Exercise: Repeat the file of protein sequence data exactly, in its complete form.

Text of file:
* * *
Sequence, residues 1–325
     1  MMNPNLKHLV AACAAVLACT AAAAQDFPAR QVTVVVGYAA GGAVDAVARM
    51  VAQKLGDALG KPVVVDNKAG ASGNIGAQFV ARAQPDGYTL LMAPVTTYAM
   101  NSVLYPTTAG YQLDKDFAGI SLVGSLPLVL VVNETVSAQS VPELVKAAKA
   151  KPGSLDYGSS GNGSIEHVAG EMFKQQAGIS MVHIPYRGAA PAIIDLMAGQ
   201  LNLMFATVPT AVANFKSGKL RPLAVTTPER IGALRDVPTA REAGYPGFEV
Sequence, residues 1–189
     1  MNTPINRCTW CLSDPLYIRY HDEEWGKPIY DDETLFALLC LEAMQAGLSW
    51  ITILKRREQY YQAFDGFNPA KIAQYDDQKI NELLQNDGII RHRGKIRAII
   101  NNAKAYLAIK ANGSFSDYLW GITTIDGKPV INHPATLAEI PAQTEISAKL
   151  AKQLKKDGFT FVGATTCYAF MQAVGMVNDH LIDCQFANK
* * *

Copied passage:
Sequence, residues 1–325
     1  MMNPNLKHLV AACAAVLACT AAAAQDFPAR QVTVVVGYAA GGAVDAVARM
    51  VAQKLGDALG KPVVVDNKAG ASGNIGAQFV ARAQPDGYTL LMAPVTTYAM
   101  NSVLYPTTAG YQLDKDFAGI SLVGSLPLVL VVNETVSAQS VPELVKAAKA
   151  KPGSLDYGSS GNGSIEHVAG EMFKQQAGIS MVHIPYRGAA PAIIDLMAGQ
   201  LNLMFATVPT AVANFKSGKL RPLAVTTPER IGALRDVPTA REAGYPGFEV
Sequence, residues 1–189
     1  MNTPINRCTW CLSDPLYIRY HDEEWGKPIY DDETLFALLC LEAMQAGLSW
    51  ITILKRREQY YQAFDGFNPA KIAQYDDQKI NELLQNDGII RHRGKIRAII
   101  NNAKAYLAIK ANGSFSDYLW GITTIDGKPV INHPATLAEI PAQTEISAKL
   151  AKQLKKDGFT FVGATTCYAF MQAVGMVNDH LIDCQFANK